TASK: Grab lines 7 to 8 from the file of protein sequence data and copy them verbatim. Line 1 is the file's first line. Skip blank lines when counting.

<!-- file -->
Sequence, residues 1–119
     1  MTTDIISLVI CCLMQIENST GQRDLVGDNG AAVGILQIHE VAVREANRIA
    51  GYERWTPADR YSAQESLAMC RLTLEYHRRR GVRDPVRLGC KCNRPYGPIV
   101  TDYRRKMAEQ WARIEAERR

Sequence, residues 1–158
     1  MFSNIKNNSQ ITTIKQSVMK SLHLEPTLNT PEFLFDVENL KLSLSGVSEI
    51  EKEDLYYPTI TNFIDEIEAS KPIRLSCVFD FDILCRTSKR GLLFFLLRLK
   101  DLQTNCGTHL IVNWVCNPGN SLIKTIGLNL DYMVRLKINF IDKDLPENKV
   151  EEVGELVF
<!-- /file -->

    51  EKEDLYYPTI TNFIDEIEAS KPIRLSCVFD FDILCRTSKR GLLFFLLRLK
   101  DLQTNCGTHL IVNWVCNPGN SLIKTIGLNL DYMVRLKINF IDKDLPENKV